Dare to Dream — and Build

What Are Soft Story Retrofits?

by Marc Cole

When you live in an earthquake-prone area, some very strict building codes exist. These building codes are designed to make sure that any building is going to be strong enough to survive an earthquake. Part of those codes will be about the lateral load resistance that a building has. The more lateral load resistance, the stronger the building is, and the more it is likely to survive an earthquake. A lateral load is one that acts against the building in parallel to the ground. Buildings that have soft stories have issues with their lateral load resistance, making them less safe in earthquakes. 

Soft Story Buildings

A soft story building has at least one story that is not as strong as the rest of the stories in a building. Generally, those stories don't have as much structural support as other stories in the building, because they are built with wide open spaces. For example, a building that has a lot of retail space on the ground floor could be a soft story building because the spaces just don't have as much support as a residential level would. It's the same with buildings that have garages under the living space. Many cities in earthquake-prone areas are requiring older, soft-story buildings to be retrofitted so that they will fit within current building codes.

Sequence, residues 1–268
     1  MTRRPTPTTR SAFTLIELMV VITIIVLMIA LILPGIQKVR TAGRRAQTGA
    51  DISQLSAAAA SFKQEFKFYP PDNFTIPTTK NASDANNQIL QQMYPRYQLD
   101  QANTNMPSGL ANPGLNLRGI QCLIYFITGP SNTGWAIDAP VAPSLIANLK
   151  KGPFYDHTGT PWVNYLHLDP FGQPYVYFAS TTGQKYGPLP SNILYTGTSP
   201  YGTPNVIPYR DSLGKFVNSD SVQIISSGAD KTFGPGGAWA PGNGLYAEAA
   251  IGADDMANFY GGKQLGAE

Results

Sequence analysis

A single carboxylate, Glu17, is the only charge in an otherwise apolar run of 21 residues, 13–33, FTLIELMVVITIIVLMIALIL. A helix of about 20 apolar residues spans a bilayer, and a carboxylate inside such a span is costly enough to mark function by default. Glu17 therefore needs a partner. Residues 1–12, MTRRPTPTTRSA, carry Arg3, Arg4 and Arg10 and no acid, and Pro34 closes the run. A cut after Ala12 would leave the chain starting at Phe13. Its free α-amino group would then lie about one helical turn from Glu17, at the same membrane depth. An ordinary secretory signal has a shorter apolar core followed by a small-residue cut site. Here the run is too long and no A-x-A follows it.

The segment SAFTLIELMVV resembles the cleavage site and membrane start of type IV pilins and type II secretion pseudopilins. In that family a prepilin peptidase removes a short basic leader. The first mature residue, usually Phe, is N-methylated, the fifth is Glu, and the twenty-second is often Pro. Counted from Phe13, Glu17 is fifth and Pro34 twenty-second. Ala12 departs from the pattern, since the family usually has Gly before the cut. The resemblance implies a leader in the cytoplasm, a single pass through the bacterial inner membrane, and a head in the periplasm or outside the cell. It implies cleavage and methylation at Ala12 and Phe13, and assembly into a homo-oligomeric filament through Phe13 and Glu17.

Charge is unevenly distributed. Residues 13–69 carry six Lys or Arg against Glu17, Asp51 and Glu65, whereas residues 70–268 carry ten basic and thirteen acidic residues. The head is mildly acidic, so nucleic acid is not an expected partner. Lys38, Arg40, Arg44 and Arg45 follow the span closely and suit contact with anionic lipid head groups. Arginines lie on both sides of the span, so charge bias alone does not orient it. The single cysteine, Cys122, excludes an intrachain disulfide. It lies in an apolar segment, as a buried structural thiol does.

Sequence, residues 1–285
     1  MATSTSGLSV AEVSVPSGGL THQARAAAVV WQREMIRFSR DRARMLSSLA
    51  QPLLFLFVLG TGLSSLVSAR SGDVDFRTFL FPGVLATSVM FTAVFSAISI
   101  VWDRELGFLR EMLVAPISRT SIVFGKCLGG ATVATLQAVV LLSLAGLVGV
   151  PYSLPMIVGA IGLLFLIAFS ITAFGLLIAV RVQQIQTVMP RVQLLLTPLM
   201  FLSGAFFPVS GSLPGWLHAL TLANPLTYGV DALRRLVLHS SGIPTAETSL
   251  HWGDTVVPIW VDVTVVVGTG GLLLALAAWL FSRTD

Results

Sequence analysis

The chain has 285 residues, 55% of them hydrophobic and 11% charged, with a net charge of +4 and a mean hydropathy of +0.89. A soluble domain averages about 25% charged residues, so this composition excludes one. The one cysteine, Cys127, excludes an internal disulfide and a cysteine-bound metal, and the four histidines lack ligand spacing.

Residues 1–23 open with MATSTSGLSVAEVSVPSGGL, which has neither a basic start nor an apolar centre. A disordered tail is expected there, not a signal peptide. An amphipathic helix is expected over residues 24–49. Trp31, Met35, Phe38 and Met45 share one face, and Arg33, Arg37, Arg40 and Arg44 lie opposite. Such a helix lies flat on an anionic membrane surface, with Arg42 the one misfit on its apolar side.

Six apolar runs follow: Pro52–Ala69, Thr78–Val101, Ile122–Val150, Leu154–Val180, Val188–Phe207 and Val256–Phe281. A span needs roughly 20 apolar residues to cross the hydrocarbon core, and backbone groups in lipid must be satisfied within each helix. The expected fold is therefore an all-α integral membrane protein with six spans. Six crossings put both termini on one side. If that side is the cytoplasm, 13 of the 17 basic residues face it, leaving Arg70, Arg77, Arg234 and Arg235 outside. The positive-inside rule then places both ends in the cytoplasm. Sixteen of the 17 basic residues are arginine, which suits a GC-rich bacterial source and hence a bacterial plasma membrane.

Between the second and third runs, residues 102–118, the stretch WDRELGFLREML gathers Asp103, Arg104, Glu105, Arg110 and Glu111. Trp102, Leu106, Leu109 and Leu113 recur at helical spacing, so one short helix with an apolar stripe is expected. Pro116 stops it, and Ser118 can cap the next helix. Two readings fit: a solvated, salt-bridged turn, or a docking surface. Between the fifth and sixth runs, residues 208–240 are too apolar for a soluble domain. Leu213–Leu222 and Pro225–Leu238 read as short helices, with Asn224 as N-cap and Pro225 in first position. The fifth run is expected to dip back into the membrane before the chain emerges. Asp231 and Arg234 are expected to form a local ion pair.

Retrofitting a soft story building isn't always a quick process. The actual retrofit work may be able to be done in a couple of weeks, but there is more to the process than just adding in reinforcements. The first part of the process is for an engineer to examine the structure. The engineer is going to be able to figure out the current lateral load of the building and where it stands in comparison to the current building codes. Then the engineer and the construction company will get together and make a plan about what it will take to get the building up to the current code. That can include doing things like installing steel frames along support systems and pouring more reinforced cement supports. Once the plan is in place, the retrofit contractor will be able to get the work done, making it stronger and compliant with current codes. 

Building codes exist to make sure that all new structures are as safe as possible. Those codes can be retroactive as well, requiring older buildings to come into compliance. In earthquake-prone areas, strict building codes regulate soft-story structures and may require those buildings to get a soft story retrofit.